’Possum is an amusing story about adapting to country life. It is quite realistic, and you can almost find yourself back in Gippsland at the start of the twentieth century.
Young Garth Macleod is convalescing from a very serious illness. Doctor Metcalfe says the best thing for him is to go and live in the country. And that staying in the city is not a good idea at all.
Garth and his family pull up their sticks and move from Melbourne to a small farm. Doctor Metcalfe finds one for them in the Gippsland Lakes country, near Cuninghame.
Garth’s parents, Aileen and Tom, liked the easy city life. But country living is very hard work indeed. They have moved into the unknown. It is not as easy as falling off a log. But Garth manages to fall off Jane, his new pony, and dislocates his wrist. Was moving such a good idea, after all?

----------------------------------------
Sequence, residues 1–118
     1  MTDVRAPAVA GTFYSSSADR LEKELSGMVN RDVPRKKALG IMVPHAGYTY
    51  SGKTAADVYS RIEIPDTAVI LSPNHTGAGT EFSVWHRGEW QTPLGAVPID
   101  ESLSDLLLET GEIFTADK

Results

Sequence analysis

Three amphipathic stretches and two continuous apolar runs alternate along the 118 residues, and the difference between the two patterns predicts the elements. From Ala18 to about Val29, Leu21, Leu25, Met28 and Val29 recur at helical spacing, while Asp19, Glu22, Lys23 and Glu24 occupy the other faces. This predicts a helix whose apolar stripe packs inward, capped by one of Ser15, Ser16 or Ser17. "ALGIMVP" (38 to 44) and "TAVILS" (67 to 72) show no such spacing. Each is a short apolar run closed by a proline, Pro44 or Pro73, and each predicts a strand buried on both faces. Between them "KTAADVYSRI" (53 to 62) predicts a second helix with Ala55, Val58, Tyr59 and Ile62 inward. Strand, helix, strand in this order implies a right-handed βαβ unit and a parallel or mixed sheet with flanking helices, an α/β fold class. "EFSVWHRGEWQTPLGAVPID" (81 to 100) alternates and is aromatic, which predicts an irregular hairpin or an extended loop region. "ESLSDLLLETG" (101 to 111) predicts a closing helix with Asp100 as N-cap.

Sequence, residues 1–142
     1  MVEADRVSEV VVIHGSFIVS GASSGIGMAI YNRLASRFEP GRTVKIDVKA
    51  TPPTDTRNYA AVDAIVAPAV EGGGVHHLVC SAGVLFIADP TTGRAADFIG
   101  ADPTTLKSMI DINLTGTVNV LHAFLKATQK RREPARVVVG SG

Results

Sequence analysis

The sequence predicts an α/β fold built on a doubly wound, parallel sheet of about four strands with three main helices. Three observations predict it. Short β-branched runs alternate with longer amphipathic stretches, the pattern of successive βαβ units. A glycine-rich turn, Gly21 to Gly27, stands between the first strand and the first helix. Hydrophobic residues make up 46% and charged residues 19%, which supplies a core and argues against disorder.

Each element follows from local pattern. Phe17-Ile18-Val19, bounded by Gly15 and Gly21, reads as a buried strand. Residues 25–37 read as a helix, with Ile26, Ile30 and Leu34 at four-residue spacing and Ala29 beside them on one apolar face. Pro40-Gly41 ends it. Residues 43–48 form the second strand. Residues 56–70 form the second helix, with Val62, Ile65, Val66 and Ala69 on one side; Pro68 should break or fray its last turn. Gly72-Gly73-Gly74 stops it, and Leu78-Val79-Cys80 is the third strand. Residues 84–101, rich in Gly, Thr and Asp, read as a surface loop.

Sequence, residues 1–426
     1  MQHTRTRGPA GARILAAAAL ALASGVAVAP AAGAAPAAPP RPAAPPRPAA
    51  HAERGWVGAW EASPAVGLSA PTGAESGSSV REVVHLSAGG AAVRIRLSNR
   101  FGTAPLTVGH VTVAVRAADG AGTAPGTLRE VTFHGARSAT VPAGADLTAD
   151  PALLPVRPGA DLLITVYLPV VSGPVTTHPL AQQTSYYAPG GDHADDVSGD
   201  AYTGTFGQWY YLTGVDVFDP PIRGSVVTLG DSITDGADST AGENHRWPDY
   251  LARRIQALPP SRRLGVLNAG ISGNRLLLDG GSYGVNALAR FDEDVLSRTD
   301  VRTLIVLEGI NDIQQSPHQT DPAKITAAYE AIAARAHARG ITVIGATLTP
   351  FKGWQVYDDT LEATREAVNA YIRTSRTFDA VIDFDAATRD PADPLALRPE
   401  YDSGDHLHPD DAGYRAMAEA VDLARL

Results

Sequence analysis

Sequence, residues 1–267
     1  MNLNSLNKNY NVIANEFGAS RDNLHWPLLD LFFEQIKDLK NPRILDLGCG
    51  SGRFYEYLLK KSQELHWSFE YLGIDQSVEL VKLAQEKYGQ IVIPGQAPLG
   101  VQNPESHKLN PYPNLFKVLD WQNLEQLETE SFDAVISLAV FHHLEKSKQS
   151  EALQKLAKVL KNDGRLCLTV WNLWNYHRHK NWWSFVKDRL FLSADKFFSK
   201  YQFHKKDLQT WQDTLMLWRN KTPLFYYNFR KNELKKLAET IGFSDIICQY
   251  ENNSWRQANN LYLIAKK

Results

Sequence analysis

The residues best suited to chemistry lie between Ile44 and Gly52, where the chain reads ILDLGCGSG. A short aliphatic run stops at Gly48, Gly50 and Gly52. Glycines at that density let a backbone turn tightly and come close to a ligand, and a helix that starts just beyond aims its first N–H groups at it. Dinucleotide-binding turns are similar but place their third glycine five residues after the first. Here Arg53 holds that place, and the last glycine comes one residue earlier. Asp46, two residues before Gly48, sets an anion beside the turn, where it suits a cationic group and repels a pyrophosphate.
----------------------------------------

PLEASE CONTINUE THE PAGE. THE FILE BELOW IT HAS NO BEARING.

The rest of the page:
Unexpectedly, “’Possum”–who only appears well after the first hundred pages–helps them find their feet. She’s a 16-year-old girl who is immensely capable, being as good as a man at most farm jobs, and she is very unfeminine.
This tale is from a master story-teller. It unfolds slowly, and you get the real feel for the time and the place, but most of all, for the characters. It’s a pleasure to read.
The Trustee of The Mary Grant Bruce Family Trust owns the extant copyrights on this story.
First Published in: 1917
First Publisher: Ward, Lock & Co. Limited
Places First Published: London and Melbourne